For instance, one study from 2007 in the journal Digestive and Liver Disease, had more than 75% of the 57 participants experience significant relief from their irritable bowel syndrome symptoms (abdominal bloating and pain, excess gas, diarrhea, constipation, etc) after 4 weeks of supplemental peppermint oil.

How, is up for debate. But the evidence appears to suggest it’s a combination of relaxing the gut muscles, stimulating enzyme production, and killing some of the bad bacteria overgrowth (yeast, parasites, fungi, etc) that’s occurred in the small intestine.

And either way, it should give you enough reason to bring mint into your life. Whether that’s with your meals, or after them in peppermint tea format.

7. Ginseng

An adaptogen is something that brings you into balance or homeostasis. Meaning, if you’re tired it wakes you up, and if you’re wired it brings you down. Predominantly because of an increased resistance to cellular stress.

Ginseng is known for being an adaptogen herb, and it’s commonly marketed for it’s ability to enhance mental performance and mood. Although, where it’s truly beneficial is in preventing cognitive impairment and neuronal damage in the first place.

For instance, in 2003 Chinese researchers randomly selected 25 out of 40 participants with mild to moderate dementia, and saw significant memory improvement after 12 weeks of ginseng extract supplementation compared to the 15-person placebo group.

This extra brain protection is likely the result of reductions in stress, but Ginseng’s anti-inflammatory properties could also be playing a role (1, 2).

Outside of cognitive enhancement, it’s also been tied to improvements in blood sugar, boosting the immune system, and even treating sexual dysfunction (1, 2).

8. Tarragon

As we’ve discussed, sleep and gut health are critical components of a long, healthy life, and they’re commonly neglected in the 21st century. Fortunately, tarragon can help…with both! Provided, of course, that you get used to adding to your food on a regular basis.

Similar to mint, tarragon appears to improve digestion by stimulating enzyme production, relaxing the gastrointestinal muscles, and going to work on any bacterial infections that may be present in the gut (1, 2).

And with respect to sleep, it appears to be driven by the pain numbing properties of eugenol. Although, you’re probably better ask the French about that, as they’re the ones credited for popularizing it as an insomnia treatment. Often referring to tit as “The King of Herbs.”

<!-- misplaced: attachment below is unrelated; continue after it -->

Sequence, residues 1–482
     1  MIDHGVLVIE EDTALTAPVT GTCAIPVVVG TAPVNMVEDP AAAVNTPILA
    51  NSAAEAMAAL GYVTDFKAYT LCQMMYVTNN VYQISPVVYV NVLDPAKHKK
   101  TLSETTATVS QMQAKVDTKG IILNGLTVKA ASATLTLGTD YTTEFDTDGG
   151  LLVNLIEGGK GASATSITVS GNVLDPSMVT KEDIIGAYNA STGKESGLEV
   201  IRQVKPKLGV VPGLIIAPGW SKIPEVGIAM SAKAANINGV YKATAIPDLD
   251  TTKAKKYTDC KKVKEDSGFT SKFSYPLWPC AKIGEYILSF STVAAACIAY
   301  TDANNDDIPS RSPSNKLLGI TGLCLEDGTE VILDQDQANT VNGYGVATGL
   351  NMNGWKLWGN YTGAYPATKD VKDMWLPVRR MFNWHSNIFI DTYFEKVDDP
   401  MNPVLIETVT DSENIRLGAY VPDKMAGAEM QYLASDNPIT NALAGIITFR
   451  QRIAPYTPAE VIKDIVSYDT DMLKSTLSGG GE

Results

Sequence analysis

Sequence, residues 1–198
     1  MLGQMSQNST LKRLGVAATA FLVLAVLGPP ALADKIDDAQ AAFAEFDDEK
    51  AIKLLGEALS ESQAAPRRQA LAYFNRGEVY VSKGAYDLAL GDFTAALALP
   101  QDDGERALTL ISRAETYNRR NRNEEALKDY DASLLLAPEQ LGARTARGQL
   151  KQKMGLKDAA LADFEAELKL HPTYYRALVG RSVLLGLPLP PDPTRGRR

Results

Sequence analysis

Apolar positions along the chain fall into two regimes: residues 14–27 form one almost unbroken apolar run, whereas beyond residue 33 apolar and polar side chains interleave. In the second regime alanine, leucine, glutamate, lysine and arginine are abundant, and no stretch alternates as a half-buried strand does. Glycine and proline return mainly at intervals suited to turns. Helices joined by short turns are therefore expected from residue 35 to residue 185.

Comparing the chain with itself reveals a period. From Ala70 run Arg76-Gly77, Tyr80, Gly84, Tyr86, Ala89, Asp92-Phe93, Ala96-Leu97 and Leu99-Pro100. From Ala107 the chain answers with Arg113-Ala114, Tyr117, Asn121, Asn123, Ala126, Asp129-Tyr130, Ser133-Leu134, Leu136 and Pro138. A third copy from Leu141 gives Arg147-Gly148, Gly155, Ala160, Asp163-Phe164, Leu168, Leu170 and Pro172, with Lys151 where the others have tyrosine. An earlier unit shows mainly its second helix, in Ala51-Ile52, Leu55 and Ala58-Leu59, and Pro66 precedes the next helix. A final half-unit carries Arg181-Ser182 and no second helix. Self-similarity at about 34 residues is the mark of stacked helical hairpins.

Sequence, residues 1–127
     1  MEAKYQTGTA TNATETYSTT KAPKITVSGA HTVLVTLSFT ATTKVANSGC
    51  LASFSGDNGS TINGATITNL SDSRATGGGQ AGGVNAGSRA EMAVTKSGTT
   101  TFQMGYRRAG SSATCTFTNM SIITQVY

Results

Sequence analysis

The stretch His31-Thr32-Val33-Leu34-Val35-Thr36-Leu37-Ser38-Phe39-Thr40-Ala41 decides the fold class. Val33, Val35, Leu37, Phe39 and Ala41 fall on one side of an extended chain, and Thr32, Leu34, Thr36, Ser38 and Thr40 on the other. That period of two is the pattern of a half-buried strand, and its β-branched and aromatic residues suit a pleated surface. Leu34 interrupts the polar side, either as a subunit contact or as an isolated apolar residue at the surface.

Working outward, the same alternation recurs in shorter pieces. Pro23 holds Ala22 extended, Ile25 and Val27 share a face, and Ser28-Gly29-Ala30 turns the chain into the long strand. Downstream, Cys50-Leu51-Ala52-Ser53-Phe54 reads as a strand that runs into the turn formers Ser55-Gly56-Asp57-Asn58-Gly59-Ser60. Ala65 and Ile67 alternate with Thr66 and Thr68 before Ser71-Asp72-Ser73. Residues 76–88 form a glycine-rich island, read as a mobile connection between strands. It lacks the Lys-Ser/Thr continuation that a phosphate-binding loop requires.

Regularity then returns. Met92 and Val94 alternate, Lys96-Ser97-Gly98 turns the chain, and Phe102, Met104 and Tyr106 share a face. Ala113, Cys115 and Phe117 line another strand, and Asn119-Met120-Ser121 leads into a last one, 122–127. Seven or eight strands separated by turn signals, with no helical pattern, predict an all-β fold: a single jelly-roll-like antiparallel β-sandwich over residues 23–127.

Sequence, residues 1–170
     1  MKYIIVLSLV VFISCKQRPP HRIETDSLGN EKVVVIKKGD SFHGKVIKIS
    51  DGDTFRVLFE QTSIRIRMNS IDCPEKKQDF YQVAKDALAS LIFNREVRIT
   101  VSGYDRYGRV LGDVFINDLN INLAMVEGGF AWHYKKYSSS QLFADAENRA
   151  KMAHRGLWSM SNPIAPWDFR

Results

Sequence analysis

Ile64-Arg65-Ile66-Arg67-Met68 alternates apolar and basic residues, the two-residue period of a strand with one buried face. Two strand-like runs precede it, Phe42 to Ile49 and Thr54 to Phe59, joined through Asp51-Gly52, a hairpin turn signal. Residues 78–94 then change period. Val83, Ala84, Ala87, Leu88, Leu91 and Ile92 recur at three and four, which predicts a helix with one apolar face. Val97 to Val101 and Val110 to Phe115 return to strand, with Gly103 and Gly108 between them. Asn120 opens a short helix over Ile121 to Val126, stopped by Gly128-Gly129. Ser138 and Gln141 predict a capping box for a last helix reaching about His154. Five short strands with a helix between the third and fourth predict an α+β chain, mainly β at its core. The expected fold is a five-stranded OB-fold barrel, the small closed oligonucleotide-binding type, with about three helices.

9. Cilantro (Coriander)

There’s not really a sentence that can do this herb more justice than this one from the journal Phytotherapy Research in 2013:

“Due to the presence of a multitude of bioactives, a wide array of pharmacological activities have been ascribed to different parts of this herb, which include anti-microbial, anti-oxidant, anti-diabetic, anxiolytic, anti-epileptic, anti-depressant, anti-mutagenic, anti-inflammatory, anti-dyslipidemic, anti-hypertensive, neuro-protective and diuretic.”

In North America, we typically refer to the leaves of this plant as cilantro, and the seeds as coriander. With both contributing to the long list of benefits above, but the coriander seeds (Coriandrum sativum) being more heavily studied. Especially when we’re talking about the effects on blood sugar, blood pressure, and blood cholesterol levels.

10. Dill Weed

If there’s one herb you want to eat fresh and avoid cooking at high temperatures (or reserve for uncooked foods) it’s Dill. As it loses a lot of nutrients when heated, loses a lot of it’s flavour when dried, and serves as more of an antibacterial or antimicrobial addition than an antioxidant one (1, 2).

Like tarragon and the mint family of herbs, it’s best known for it’s stomach settling, digestion improving, and bacteria killing abilities. So don’t be afraid to add it to soups, salads, sauces, and lightly cooked fish.

Honourable Mentions

  • Bay Leaf
  • Fennel Leaves
  • Parsley
  • Chives
  • Lemon Grass

Stay Lean!
Coach Mike

P. S. I recommend making your own herb and spice blends as opposed to buying pre-mixed varieties (click here for my 13 DIY recipes). However, if I was to recommend one brand of pre-mixes, it would be this one from Balanced Bites...